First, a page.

A list of curious facts
One: Scientists have spent decades trying to understand the mathematics of origami—the Japanese art of folding paper into impossibly intricate forms. But in recent years, ‘origami engineering’ has gathered tremendous pace—spreading into fields as diverse as medicine, military, space and architecture.
Turns out there are tremendous benefits of designing tiny objects that can unfurl into their true form. It can be used to offer a more mundane solution—like this portable Oru Kayak that can be carried in a backpack:
Or it can offer a brilliant design for a Starshade—which can be snugly packed along with a space telescope on a rocket—and literally ‘bloom’ into a giant screen that blocks starlight so we can see objects more clearly:
The more cutting edge uses include a robot that can fold to fit into a pill capsule—and wander around your stomach.) But for now you can settle for creating your own paper starshade here:) (National Geographic, paywall, Smithsonian Magazine)
Two: In 1889, H Colley March noticed that some artefacts imitated elements from older objects that they had replaced—just for the visual effect. One example. Pottery bowls had patterns that resembled woven baskets. He named this phenomenon ‘skeuomorph’—(SKYOO-uh-morf), from Greek skéuos (container or tool) and morphḗ (shape). Now we’ve always had skeuomorphs—think, electric candles that look like their waxy predecessors. But the rise of tech has made them ubiquitous. The Cultural Tutor (a must-follow Twitter handle) put together a very neat thread of skeuomorphs we take entirely for granted. Like a floppy disk sign for ‘save’:
Here’s what’s really fascinating. Skeuomorphs exist because they are familiar and intuitive—we know what to expect when we see this sign:
But when is that last time you used a dial-up landline? As the Cultural Tutor points out:
Most interesting is that many people have never even used the objects imitated by these skeuomorphs. Corded telephones, floppy disks, film cameras, even envelopes - these are things from the past shaping the appearance of the present and the future.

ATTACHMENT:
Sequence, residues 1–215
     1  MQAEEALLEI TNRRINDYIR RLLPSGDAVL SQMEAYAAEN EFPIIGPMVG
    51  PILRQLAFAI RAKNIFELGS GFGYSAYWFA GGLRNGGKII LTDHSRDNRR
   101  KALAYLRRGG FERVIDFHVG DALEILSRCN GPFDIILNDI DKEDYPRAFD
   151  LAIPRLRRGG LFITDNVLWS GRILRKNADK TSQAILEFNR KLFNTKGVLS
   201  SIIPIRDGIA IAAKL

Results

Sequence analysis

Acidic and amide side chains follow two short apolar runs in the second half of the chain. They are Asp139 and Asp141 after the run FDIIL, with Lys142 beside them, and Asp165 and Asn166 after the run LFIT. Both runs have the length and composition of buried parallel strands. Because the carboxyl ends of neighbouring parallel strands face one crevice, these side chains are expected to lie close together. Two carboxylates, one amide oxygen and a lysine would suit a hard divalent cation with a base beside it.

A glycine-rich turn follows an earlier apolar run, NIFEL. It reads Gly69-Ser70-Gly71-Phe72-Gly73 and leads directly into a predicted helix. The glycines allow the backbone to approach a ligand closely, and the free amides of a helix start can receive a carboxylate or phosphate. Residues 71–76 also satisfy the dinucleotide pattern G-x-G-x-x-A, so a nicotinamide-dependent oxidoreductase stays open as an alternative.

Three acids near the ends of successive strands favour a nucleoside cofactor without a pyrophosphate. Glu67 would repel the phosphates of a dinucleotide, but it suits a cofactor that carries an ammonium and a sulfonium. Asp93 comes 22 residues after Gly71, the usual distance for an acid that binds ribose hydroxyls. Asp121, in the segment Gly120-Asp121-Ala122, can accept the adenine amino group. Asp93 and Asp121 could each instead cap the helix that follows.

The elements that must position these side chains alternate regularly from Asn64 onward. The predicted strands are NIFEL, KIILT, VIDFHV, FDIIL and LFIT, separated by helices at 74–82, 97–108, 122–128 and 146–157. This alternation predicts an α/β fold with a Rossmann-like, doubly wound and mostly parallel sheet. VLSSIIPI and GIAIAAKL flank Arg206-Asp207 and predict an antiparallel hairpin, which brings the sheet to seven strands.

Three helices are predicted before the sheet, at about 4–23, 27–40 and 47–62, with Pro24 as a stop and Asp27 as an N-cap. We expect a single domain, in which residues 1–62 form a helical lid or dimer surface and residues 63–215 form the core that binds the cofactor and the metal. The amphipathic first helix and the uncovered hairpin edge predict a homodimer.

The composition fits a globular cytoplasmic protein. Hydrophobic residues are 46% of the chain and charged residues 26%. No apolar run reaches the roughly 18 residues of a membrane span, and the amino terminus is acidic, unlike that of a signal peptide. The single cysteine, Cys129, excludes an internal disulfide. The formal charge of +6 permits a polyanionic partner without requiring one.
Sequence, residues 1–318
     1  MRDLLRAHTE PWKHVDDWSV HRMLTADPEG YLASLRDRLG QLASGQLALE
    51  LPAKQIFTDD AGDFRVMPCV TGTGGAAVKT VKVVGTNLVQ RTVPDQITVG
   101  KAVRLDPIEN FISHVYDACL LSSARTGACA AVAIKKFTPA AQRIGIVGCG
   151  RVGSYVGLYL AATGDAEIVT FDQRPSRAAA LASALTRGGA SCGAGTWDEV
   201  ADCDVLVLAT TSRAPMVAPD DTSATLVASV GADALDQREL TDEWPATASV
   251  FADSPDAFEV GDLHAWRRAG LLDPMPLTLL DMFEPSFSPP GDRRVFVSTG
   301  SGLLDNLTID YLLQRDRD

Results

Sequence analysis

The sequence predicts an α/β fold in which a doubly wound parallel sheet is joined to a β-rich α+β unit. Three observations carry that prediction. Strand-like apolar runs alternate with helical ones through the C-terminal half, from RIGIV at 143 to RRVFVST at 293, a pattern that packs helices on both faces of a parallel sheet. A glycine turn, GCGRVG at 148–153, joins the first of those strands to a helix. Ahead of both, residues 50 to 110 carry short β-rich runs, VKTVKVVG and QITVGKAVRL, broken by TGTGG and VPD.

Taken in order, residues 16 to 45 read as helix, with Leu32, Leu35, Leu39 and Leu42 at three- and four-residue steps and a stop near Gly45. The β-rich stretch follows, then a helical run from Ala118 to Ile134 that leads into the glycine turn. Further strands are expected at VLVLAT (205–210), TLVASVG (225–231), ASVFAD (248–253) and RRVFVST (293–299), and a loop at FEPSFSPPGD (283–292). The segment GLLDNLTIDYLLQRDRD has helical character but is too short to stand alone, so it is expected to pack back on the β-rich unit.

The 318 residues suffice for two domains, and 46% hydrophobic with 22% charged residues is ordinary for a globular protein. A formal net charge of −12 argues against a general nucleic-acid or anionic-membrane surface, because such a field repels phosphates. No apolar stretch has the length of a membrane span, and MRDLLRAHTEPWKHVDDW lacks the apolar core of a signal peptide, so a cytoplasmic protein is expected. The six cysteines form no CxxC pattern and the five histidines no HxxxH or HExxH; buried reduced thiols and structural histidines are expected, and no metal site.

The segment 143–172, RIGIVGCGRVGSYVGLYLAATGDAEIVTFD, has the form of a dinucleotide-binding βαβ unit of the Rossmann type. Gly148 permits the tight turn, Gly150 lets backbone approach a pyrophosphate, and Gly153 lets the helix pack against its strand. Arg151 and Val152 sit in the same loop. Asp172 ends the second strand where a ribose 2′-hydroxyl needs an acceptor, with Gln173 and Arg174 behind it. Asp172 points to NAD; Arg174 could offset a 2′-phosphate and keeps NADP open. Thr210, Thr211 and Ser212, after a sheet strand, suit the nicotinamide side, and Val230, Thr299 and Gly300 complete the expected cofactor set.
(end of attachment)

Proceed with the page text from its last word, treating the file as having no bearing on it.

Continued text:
And that’s pretty cool!
Three: This one is a curious but rather disheartening fact about one of the great writers in the English language—Charles Dickens. Did you know that a man valorised for his compassion for the English underclass had absolutely none for Indians—or any person of colour? In his 1853 essay titled ‘The Noble Savage’, Dickens writes: “I call a savage something highly desirable to be civilised off the face of the earth.” He wasn’t interested in ‘civilising’ brown folks on the subcontinent either. In the wake of the 1857 war for independence, he wrote in a letter to a friend:
I wish I were Commander in Chief over there [India]! I would address that Oriental character which must be powerfully spoken to, in something like the following placard, which should be vigorously translated into all native dialects, “I, The Inimitable, holding this office of mine, and firmly believing that I hold it by the permission of Heaven and not by the appointment of Satan, have the honour to inform you Hindoo gentry that it is my intention, with all possible avoidance of unnecessary cruelty and with all merciful swiftness of execution, to exterminate the Race from the face of the earth, which disfigured the earth with the late abominable atrocities.
Yikes! His hatred for Indians would become the backdrop for his famous novel ‘A Tale of Two Cities’. This London School of Economics blog has more on that.